Dear John R.,

It's entirely possible that radio commentator was correct. The majority of Walmart shares are held by the Walton family. Quite possibly they would not put up with an 80% reduction in their profits. I wouldn't know. No doubt they talk to God, but they do not talk to me.

But putting the matter into a certain perspective, even assuming the Waltons did absolutely nothing to restore their profit margin (like, oh say, a 4% increase in the cost of items sold, which would hardly destroy people's incentive to shop there), they would still see a pretax profit of $2.5 billion. Outrageous, I know; NOBODY could live on such a paltry sum.

Bringing up a broader perspective, the approximate cost, VERY roughly, of raising the minimum wage to $15 an hour would be $70 billion a year. Last year the top 1% earned in excess of $2 trillion, 30 times as much. The top 0.1% earned at least four times as much.

It is difficult to imagine that guaranteeing a decent minimum wage would be an unbearable burden. If this truly is class warfare, I would only wish that all warfare were so benign. Tom Perkins notwithstanding. (We may have to invent a whole new class of Godwin's Law just to accommodate him.)

pax \ Ctein
[ Please excuse any word-salad. MacSpeech in training! ]
-- Ctein's Online Gallery http://ctein.com 
-- Digital Restorations http://photo-repair.com 

Workers at WalMart and most big box and fast food places qualify for thousands of dollars of feferal assistance, meaning that American taxpayers are subsidizing these companies' profits. I heard the number was over $7billion for fast food workers and $2000 per WalMart employee. WalMart even provides guidance for their employees on how to apply for benefits!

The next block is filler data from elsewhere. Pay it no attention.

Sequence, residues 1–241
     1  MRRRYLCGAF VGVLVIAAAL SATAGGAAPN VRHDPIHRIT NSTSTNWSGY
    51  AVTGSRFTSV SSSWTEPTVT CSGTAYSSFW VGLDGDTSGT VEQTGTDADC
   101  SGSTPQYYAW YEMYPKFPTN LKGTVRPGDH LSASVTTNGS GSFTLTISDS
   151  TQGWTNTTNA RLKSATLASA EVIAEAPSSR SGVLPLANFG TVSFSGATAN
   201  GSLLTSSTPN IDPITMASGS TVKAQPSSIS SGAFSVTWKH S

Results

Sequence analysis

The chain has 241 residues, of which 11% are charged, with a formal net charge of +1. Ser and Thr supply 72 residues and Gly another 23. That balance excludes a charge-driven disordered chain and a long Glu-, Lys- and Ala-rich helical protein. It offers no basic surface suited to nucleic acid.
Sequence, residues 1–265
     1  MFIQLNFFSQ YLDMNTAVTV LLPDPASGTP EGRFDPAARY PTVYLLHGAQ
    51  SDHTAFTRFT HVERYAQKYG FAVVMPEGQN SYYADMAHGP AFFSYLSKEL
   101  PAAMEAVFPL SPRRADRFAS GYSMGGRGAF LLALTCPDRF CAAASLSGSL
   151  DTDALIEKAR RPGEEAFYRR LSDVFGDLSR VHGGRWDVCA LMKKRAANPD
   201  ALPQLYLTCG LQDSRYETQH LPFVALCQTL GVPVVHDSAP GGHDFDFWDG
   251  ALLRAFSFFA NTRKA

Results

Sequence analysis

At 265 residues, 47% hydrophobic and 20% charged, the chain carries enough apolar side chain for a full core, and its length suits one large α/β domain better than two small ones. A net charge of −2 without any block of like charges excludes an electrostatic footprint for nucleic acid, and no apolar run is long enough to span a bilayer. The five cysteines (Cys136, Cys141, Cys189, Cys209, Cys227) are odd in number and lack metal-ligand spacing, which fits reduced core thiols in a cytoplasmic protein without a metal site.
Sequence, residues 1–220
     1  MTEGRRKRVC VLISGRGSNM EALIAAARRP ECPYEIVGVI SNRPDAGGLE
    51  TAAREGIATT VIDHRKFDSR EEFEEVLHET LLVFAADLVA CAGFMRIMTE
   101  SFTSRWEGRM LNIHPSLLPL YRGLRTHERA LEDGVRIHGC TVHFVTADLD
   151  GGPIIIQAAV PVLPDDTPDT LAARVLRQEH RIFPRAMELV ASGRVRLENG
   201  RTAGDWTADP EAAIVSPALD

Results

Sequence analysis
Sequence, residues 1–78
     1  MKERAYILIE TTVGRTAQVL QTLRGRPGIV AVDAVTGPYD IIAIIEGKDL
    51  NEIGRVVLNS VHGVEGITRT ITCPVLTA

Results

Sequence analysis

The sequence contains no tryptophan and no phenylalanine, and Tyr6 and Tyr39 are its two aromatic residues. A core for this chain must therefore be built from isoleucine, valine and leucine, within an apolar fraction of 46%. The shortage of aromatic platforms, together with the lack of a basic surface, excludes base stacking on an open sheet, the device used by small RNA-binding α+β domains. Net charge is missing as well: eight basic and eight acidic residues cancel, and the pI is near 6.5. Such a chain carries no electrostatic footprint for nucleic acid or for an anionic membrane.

"Reverse Robin Hood" is the name of the game.

Bike in my case is not for economy.

Before I retired I cycled to work when the work location was not too far/too much traffic. For the last 2 1/2 years my work location meant I could cycle and in that period only thrice did I use my car; twice when the amount of gear needed would not fit on the bike and one very icy day.

Since retirement I use my bike all the time; yesterday against very strong winds. My two cars spend much time on my driveway. If the UK had the kind of weather that Scandinavia does I would get spiked tyres and still continue in icy weather; I do go for long stiff walks when icy.

I am typing whilst finishing breakfast before a short cycle ride, hopefully not too wet, before today's activities, which are all home based.

I just cant get my head around the irregular 22 part time hours per week. What possible reason could management have/give for such a policy. It sounds so much like sheer bloody mindedness or petty exercise of power

Paul Mc Cann

It is called "the disposable employee model"


In 2011 it was reported that the Walton family owned slightly more than 50% of WalMart. Most of the balance is owned by mutual funds that are largely owned by individuals and retirement funds. Any reduction in WalMart profits would hurt the 99%.

Some have suggested that a "small" increase in WalMart's prices is a reasonable price to pay for a higher minimum wage. That price will be paid by the price conscious shoppers who shop at WalMart and can afford it least.